31 Days of Giving Permission . . . TO TAKE A BREAK

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So, we took this trip.
And I phrase that very carefully:
this was a trip and not a vacation.

There is a huge difference, you know?
There are similarities —
you go somewhere that is not your home,
you travel with someone you like to be with,
you see and do things you don’t usually do.

BUT . . . a vacation (at least in my mind) is going to one
(or at the most, two) places for an extended time,
unpacking once, settling in.
Day trips are certainly allowable in this definition,
but at the end of each day,
you return to your home-away-from-home.

Trips, on the other hand, require mileage of some sort.
Generally, you follow an itinerary,
you visit numerous places at some distance from one another,
and you pack and unpack with regularity.

We’ve had two trips this year,
one by river boat and bus,
the other by automobile.
We also had a vacation.

All three were wonderful, each in their own way. 

Our most recent trip involved a very people- and commitment-heavy front-end.
We reconnected with friends from 45 years ago during the first two days,
then traveled to another state for 2 days of meetings for my husband
and in-real-life blog connections for me.

WE  HAD A GREAT TIME.

But at the end of those very intense four days,
we needed a break. 

So we built one in.
We took two days on the beach at Kennebunport, Maine,
before digging into the heavy-duty driving and multiple
hotel rooms required by a Fall Foliage Tour.

I cannot recommend this break-taking thing highly enough. 

Do  you ever feel peopled out?
Breathless from too many responsibilities?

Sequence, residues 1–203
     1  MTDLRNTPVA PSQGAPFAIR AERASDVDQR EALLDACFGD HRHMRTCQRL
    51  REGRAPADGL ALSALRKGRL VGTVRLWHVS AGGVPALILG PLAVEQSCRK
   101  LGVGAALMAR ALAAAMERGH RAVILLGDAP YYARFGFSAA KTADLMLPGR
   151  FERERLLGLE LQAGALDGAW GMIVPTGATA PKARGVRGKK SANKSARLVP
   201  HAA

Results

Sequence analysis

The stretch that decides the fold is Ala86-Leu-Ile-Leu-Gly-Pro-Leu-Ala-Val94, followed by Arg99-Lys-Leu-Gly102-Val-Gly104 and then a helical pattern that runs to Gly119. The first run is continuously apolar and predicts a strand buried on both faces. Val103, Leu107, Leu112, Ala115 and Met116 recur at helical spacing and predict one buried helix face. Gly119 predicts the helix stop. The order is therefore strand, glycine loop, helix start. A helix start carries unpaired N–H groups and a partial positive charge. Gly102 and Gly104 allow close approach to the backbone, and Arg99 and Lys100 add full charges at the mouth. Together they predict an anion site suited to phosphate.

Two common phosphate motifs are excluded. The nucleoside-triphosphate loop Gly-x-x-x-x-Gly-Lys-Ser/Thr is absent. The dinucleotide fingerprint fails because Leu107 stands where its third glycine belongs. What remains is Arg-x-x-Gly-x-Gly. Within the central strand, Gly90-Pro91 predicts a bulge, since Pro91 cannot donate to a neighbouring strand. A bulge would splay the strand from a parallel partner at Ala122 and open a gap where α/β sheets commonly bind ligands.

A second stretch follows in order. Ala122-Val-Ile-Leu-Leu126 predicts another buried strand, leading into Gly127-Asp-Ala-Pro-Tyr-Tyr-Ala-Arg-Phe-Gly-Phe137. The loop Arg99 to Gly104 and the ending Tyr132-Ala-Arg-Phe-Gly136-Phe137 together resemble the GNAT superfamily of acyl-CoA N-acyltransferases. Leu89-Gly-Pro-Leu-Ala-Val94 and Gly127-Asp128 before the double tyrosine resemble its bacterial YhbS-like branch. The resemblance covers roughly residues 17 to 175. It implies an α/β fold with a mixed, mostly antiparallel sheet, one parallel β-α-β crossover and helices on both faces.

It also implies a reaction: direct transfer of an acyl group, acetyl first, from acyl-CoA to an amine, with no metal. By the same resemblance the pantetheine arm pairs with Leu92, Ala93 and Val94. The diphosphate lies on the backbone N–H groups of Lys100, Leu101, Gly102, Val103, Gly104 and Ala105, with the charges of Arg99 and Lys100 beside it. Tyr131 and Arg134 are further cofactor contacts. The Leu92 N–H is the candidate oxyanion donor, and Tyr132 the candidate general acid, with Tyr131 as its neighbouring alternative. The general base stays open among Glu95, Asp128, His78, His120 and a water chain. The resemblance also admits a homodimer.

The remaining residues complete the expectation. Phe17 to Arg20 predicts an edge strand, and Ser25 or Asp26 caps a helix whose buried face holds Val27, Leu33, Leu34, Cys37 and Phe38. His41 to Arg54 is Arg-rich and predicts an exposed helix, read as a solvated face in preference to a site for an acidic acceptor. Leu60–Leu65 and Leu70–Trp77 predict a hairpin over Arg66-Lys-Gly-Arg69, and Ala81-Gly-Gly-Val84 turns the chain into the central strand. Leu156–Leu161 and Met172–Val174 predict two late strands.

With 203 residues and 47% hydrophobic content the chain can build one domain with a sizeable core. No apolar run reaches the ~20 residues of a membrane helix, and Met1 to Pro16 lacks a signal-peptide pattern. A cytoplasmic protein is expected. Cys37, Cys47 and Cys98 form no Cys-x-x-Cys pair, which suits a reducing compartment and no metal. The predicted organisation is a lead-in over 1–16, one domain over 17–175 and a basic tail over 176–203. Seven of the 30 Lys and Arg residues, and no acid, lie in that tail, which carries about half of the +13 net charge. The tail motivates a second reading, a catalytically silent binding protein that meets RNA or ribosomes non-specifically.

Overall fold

In need of a small space in which to breathe?

Take a break.

It doesn’t have to be on the beach.
It doesn’t have to be anywhere other than where you are.
It just needs to break the pattern.

Moving from noise to quiet,
shifting from many people to a few,
reading a great book,
taking a walk,
taking a nap.

Maybe you call this decompression,
maybe you call it saving your sanity.
Maybe you’re so unfamiliar with this concept
that you have no idea what to call it!

And if that’s the case,
then you need this more than any of the rest of us.

We all need to change it up from time to time,
to step back, step down, step aside.
To STOP. 

I call it Sabbathing. 

We thoroughly enjoyed our two-day Sabbath on the coast of Maine.
And then we got back in the car and drove. 

These photos are from those two days.

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Comments

  1. I know what you mean, and I totally agree. I love this type of mental-health break. Sabbathing sounds more spiritual 🙂 Whatever you call it, there are times when it is essential. Thanks for sharing.

    • “mental-health break” – exactly!! And I do think that’s a part of God’s whole idea about Sabbath. Our minds as well as our bodies need regular time to STOP.

  2. That last photo especially is a beauty! I think I need a break for sure! Burning the candle at both ends these days…

  3. Gwen Acres says:

    Sabbathing, my new favorite word ! Thanks Diana.

  4. So very lovely. As an introvert, I do sometimes feel “peopled out.” I probably take more breaks, as a result. I suppose God knew what He was doing when He moved me to a rural community. =)

    • I’m becoming more introverted as I age, Patricia! And if I go too many days without a long stretch of silence and solitude, I really feel it. How are you doing??

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